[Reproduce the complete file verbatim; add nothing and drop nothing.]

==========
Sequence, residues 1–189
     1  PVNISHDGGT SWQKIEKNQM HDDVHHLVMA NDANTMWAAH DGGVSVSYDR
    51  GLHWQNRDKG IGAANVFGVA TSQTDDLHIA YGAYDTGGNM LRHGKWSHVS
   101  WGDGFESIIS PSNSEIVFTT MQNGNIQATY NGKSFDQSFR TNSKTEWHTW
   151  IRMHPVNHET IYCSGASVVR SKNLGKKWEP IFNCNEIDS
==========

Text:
Sequence, residues 1–189
     1  PVNISHDGGT SWQKIEKNQM HDDVHHLVMA NDANTMWAAH DGGVSVSYDR
    51  GLHWQNRDKG IGAANVFGVA TSQTDDLHIA YGAYDTGGNM LRHGKWSHVS
   101  WGDGFESIIS PSNSEIVFTT MQNGNIQATY NGKSFDQSFR TNSKTEWHTW
   151  IRMHPVNHET IYCSGASVVR SKNLGKKWEP IFNCNEIDS